Daddy was not being patient or kind or even sweet. He was living out what he’d always believed: if you’ve got a roof over your head and a family that loves you and food you can count on arriving on your plate, you have no right to complain. None.
“Life is tough all over” wasn’t something Daddy said just to shut up teenage girls. It was a jumping off point: life is tough, understand that, get over it. Now what are you going to do? Who are you going to be?
For me, Daddy answered that question: I am going to be someone who teaches my grown daughter the proper way to exit this world, with light-heartedness, happiness, and joy at the life I’ve been given the chance to live.

here’s to creative synthesis . . .

Death Enters the Story

I just finished mapping out the last fifty pages of the new Katrina novel, Jazzy. I don’t begin writing with an outline; I begin with a character and a situation. As I write, I jot down a bare-bones outline of what I think is coming next. Often this turns out to be untrue. Sometimes I go back and outline what I’ve written, to see what I’ve written. Here, at the end, the outline takes on a more detailed imagining. In these last fifty pages of Jazzy, elements of what I initially thought would happen remain, but they’re all slightly different. The one hard fact of the ending remains the same: if this is to be a Katrina novel, death must enter the story.
I HATE writing death. I like for death to be the emotional triggering event–in the past. Read my novels and short stories and you will see death over and over again. I attribute this to my daddy dying when I was three years old, suddenly, tragically, graphically. Haunted by that, I’ve explored the death of mothers, several cousins, a sister, strangers, an uncle, a grandfather, boyfriend, wife, the near-death of a nephew, and the death of too many fathers to count.
Only once or twice have I written the death of a character who lived and breathed when I began the story. In one novel, I was so averse to having a young cousin die, I had him run off and become a Jesus freak instead.
All of which means the character in Jazzy, of whom I am extremely fond, must not die in vain. The hard part, of course, will be when I return to the beginning of the story for the editing process. Now I will know the character is going to die. Everything I write about him will be tinged with poignancy. It will be hard going. Death always is.

here’s to creative synthesis . . .

Are You Still With Me?

When I was three years old, my daddy died. That’s quite a sad thing to happen, losing  one’s father at such a young age, particularly when he was so young himself. Worse, he died suddenly, violently. His car was hit by a train, at a crossing that had a red light, but no warning arm to descend protectively across the track. He likely didn’t see the flashing red light. He assuredly didn’t see the train.

Terrible, you’re thinking, and so unfair. True, true.

Tragically, he wasn’t alone. His car carried a passenger. The passenger was killed in the accident as well. Two people, both fully alive, both suddenly dead. Daddy Joe’s passenger was only slightly younger than he, taken too soon right along with him.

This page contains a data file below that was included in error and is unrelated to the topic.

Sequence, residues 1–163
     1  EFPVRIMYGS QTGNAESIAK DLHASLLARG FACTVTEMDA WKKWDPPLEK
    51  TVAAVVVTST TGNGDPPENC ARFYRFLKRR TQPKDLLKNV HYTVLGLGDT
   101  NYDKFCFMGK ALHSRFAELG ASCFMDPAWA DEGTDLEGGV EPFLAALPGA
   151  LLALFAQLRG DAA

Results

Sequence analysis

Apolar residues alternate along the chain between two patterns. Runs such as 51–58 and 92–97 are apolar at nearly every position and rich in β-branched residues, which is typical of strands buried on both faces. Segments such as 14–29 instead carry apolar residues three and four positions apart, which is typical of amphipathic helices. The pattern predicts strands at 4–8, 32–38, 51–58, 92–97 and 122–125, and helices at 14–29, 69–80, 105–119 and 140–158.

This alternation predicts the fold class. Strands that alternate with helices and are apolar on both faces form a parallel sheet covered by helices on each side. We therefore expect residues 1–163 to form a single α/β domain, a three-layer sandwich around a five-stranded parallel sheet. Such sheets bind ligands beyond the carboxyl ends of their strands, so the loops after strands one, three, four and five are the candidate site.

His passenger was a woman.

Does this give you pause?

The woman was traveling to see her fiancé, that’s what her brother said. Catching a ride with my dad to see the fiancé. She and my dad knew one another from the lease shop, the brother said. She sold my dad oil leases. Nothing more to it, the brother said, just a business trip.

The brother was required to explain the situation, you see, because my dad was out of town—the train tracks he did not successfully cross were in Colorado Springs, and he lived in Denver.

Are you still with me?

So my dad was traveling out of town on a Friday night—did I mention that? The accident occurred late on a Friday evening, about 11:00 pm. His wife was back in Denver. With his two little girls. And another baby on the way.

What are you feeling now?

Still think it was tragic?

My dad’s still dead, still too young, still taken from his adoring family.

My mother did not know the woman in the car. She did not know the woman would be traveling with my dad. Only after the accident, did she learn of the woman in the car with her husband.

A beautiful young woman and a very handsome young man. Dead.

So tragic.

But . . . what if he was doing something he shouldn’t have been?

The facts unfurl, and what you felt at the beginning of my story (sorrow, regret, sympathy) morphs into something else: suspicion, justification, dismissal. Maybe even betrayal: I wasted my emotion on THAT?

You see, if we can successfully justify someone else’s death, even if we have to worm around to do it—ha! he was cheating on her!—we jump on it like a duck on a June bug. He deserved to die, we say, though we probably don’t use such straightforward words.

Whatever.

The point is, we ourselves aren’t doing the same bad thing he was, so we don’t deserve to die. Ergo, we will, in fact, not die.

Witness the triumph of the human brain . . . and fear.

If we remain interested in stories involving the violent death of strangers, it is usually only to tease out the facts we can then use to separate the death from ourselves—he was on drugs, he was drinking and driving, he had a psychotic episode, he was in a gang, he was committing a crime, he was up to no good, he lived in the wrong neighborhood, he wasn’t like us. Satisfied, we turn away.

The death we’ve just experienced is no longer tragic.

We’ve successfully separated from it.

Safe.

Alone.

But safe.